Thu, Aug 05, 2004 - Page 4 News List

Philately exhibit setting stage for next year's show

STAMPS National Taiwan University hosts an exhibit starting tomorrow where visitors will have the chance to see top-notch collections from Taiwan and elsewhere


Model Lin Chi-ling poses in front of personalized stamps at National Taiwan University stadium yesterday.


As a warm-up for next year's large-scale Taipei International Asian Stamp Exhibition, the Chinese Stamp Collectors' Association and Chunghwa Post have organized a smaller exhibit at National Taiwan University stadium, scheduled to take place from tomorrow through Tuesday.

"We haven't seen such a large exhibit in Taiwan for 10 years," said Hou Kwun-ming (侯昆明), secretary of the association, referring to next year's show.

More than 30 countries are slated to participate in next year's exhibition, during which rare and valuable stamps will be displayed at the World Trade Center, Hou said.

Although not as extensive, the exhibit starting tomorrow will feature more than 600 sets of stamps, including award-winning collections from Japan, the Philippines, Australia, Singapore and Thailand.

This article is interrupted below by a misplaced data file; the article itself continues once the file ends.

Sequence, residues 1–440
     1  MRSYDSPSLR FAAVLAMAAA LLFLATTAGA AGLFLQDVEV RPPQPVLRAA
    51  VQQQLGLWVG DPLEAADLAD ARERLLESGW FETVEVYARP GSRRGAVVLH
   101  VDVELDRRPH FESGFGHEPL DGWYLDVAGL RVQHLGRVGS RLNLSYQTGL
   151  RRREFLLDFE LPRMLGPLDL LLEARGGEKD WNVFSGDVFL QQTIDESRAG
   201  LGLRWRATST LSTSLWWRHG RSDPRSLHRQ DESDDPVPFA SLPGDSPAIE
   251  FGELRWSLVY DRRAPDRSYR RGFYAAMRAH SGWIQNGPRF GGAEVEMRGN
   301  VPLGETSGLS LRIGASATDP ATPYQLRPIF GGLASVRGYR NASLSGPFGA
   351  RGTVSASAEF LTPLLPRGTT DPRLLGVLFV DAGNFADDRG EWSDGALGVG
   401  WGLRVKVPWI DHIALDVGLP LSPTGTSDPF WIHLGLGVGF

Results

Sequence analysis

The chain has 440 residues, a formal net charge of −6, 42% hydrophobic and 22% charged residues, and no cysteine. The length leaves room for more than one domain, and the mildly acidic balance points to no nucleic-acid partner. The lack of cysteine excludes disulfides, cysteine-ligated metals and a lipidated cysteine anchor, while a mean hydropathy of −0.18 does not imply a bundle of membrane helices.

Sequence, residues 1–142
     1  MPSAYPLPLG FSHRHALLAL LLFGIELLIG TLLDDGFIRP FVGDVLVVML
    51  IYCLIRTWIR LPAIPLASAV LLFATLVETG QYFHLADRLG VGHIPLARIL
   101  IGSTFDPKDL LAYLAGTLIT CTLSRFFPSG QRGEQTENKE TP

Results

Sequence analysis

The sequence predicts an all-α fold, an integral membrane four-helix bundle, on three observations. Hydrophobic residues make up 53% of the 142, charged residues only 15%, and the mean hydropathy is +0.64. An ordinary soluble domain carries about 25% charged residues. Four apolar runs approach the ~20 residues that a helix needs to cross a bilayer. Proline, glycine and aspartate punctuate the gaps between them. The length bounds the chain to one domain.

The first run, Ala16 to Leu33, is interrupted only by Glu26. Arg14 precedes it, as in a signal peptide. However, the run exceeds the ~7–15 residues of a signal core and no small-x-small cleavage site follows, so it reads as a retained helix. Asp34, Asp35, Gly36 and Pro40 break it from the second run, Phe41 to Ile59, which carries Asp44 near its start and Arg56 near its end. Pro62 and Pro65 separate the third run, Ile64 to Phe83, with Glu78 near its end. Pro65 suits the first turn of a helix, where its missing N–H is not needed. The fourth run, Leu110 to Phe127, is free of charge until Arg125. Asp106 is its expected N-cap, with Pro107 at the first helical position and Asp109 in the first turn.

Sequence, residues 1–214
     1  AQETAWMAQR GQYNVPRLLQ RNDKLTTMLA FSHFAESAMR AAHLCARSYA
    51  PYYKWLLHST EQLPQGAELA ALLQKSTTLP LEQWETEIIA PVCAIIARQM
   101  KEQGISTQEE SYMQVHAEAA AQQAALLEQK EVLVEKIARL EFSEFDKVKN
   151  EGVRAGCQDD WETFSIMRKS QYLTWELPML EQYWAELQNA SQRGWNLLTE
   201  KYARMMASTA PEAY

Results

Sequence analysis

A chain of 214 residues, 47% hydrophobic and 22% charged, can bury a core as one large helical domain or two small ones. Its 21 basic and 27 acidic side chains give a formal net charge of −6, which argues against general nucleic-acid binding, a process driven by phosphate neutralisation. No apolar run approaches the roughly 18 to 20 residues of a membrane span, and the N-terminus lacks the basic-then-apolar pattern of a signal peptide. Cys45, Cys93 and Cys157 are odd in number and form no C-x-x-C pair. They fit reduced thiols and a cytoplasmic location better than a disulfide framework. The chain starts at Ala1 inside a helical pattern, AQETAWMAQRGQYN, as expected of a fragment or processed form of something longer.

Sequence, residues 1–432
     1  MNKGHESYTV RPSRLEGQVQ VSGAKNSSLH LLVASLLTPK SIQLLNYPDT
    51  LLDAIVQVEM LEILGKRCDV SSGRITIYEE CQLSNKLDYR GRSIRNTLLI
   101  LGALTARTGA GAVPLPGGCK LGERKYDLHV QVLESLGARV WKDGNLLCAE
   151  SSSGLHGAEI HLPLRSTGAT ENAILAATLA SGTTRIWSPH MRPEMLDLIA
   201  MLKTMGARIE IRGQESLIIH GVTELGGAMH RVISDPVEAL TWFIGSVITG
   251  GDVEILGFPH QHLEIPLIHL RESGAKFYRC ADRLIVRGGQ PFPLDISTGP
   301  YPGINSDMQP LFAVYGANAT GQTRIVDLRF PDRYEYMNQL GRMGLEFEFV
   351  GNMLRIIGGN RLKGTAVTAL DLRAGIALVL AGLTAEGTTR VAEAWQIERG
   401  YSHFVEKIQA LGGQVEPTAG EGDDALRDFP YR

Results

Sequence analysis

The most valuable local display, according to the association, will be a page of 10 connected stamps printed in 1945 -- representing a large percentage of the 50 misprinted copies of the stamp extant. The rare stamp, which was printed in New York, features an inverted bust of Sun Yat-sen (孫中山) against a blue background under the national symbol of a white sun.

In order to promote public consciousness of philately, organizers have invited well-known model Lin Chi-ling (林志玲) to help promote this year's exhibit.

Three thousand copies of personalized Lin stamps will be sold and Lin herself will be present at the stadium on the last day of the exhibit.

Organizers also hope to create a festive atmosphere with raffles and sales of the newly produced National Palace Museum stamp series.

Lin said that she was honored to be chosen as the exhibit's "stamp-collecting representative" because her father was an avid collector.

"Besides being a good investment, philately broadens one's knowledge and is a happy, positive hobby," Lin said.

Lin has donated what she will be paid for promoting the exhibit to the Ministry of the Interior for disaster aid for victims of Tropical Storm Mindulle.

Revenue from sales of the Lin stamp is expected to amount to NT$500,000.

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